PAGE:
Literacy is an essential part of our work at the Hart School. It is a key that can unlock both academic success and wider life fulfilment for our students.  

As a school, it is therefore our moral imperative to do everything that we can to support our children with Literacy.  

It is our vision that every child leaves us able to read at their chronological age, with a love for reading, and the ability to write and speak with eloquence, accuracy and confidence.  

We have recently launched our new literacy framework that encompasses our strategic direction for literacy in the coming years. 

To support our students with reading, we READ 

Reduce barriers to effective reading

At the Hart School, curriculum plans and pedagogy are designed with a focus on reducing known barriers to reading across the curriculum. By reducing barriers to reading and providing regular opportunities to engage with academic texts, we aim to help students to develop their reading skills, comprehension, and understanding of complex concepts. This approach will not only enhance their academic performance but also equips them with the necessary skills to succeed in higher education and beyond. 

Our Hart Habit for Vocabulary is used across our subjects to teach students essential words to help develop their vocabulary. We use I say, you say, define it, use it, bank it to help students remember and use words.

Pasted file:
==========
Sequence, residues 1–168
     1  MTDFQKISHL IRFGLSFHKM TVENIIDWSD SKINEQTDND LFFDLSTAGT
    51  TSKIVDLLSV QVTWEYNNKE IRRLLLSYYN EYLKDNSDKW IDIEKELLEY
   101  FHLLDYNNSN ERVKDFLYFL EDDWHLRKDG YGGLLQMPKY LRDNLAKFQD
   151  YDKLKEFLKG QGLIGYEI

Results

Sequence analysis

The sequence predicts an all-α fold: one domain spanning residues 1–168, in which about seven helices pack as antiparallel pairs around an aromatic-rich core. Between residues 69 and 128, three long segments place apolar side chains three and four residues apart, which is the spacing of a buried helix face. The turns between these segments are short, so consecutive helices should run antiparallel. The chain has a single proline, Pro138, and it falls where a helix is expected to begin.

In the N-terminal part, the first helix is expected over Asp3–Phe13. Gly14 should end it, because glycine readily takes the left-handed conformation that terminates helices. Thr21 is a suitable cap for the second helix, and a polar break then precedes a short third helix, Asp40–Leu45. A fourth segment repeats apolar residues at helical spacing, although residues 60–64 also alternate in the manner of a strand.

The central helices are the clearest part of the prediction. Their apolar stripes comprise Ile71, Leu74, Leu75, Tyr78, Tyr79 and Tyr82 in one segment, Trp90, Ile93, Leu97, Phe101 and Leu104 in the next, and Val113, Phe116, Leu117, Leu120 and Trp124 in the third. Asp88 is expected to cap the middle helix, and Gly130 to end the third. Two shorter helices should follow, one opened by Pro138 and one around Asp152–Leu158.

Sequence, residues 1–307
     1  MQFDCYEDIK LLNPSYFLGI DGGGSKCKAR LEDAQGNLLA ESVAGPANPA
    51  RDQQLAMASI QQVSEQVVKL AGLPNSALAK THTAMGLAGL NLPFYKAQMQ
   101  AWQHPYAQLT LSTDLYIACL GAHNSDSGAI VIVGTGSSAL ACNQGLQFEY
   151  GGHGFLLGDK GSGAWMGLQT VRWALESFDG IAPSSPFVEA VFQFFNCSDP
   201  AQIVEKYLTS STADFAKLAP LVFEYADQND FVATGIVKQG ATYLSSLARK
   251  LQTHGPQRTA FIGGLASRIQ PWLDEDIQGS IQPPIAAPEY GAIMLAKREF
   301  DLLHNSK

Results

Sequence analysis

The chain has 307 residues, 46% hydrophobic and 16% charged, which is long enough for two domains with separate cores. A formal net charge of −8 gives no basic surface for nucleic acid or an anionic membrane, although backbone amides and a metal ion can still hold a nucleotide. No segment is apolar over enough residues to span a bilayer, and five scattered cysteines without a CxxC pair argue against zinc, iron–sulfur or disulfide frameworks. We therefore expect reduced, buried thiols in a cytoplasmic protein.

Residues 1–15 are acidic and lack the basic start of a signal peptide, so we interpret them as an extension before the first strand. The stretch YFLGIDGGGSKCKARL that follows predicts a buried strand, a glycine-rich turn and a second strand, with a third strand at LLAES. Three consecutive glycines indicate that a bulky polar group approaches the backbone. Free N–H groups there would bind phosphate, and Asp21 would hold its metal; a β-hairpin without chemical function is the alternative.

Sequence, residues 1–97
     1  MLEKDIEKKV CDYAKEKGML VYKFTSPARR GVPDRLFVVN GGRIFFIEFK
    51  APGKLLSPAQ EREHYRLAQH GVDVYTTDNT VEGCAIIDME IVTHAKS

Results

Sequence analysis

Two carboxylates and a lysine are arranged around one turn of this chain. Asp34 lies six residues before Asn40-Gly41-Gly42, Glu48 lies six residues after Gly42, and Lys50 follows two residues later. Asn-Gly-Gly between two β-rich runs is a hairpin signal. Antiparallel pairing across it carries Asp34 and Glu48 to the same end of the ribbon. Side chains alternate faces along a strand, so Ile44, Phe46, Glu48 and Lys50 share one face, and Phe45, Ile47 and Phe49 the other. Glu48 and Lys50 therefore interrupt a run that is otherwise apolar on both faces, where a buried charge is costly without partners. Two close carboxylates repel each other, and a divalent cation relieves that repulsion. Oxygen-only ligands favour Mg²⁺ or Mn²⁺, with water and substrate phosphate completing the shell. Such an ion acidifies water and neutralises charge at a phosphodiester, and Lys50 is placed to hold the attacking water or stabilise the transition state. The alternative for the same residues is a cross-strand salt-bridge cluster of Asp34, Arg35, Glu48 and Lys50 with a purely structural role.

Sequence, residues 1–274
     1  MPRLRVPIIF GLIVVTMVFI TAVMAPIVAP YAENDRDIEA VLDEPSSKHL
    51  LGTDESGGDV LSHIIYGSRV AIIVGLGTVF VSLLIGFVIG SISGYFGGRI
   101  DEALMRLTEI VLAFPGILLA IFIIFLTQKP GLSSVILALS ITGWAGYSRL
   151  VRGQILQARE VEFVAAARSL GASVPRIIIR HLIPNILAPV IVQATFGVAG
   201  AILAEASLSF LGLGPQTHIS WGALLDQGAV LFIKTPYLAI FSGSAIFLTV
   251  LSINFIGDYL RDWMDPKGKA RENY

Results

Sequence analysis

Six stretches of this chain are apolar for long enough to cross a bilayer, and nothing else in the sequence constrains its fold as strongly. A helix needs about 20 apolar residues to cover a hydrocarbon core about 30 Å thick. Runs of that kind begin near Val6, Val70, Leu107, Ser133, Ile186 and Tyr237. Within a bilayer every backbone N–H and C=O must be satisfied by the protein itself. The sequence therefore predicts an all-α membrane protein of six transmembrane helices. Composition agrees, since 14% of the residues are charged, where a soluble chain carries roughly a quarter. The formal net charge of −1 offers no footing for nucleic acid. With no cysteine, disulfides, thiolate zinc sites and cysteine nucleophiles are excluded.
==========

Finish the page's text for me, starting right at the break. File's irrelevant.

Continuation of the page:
Across subjects, students regularly read academic texts to help them to develop their subject knowledge, vocabulary and reading skills. Every half term, students participate in Read First! Week, where they read academic texts across the curriculum. 

  • Engage students with texts that they love 

Research indicates that one of the key ways to develop students’ reading ability is to support them in developing their own reading for pleasure habits. It is our goal to harness every student’s interest in reading, by supporting them to explore books that interest them and are pitched at an appropriate level for their reading ability, allowing them to feel “successful” as readers. This is achieved in a variety of ways, through both curriculum time, home learning and the wider school day. 

The Hart Library 

Our school library is a vital tool in developing students as readers. Our library is a special, calm hub where students can come and browse shelves and read peacefully during the school day, and before and after school. The library is open from 8am – 4pm every day, so that students can visit in their own time to read or complete home learning. Our library is well-stocked with books to support both curricular learning and reading for pleasure, and we regularly order in new stock to keep students engaged in the most recent reading trends. 

Our library is always full of exciting themed events for students to enjoy. For example, at Halloween we celebrated with a spooky stories competition and had teachers reading spooky stories by the fire. We always have crafts, board games and other activities for students to take part in. 

We host a termly reading challenge that invites students to read three books per term to win prizes. Students love getting involved in this and we are always inundated with entries!  

Reading Homework

Alongside their curriculum-based home learning, students are set 20 minutes of home reading per week via Sparx Reader. This is a fantastic platform that provides students with books that match their reading level and checks student comprehension. Rewards are built into the platform and are used by teachers to inform praise phone calls and praise postcards. At the end of each term, rewards are given for Sparx reader as part of school rewards assemblies.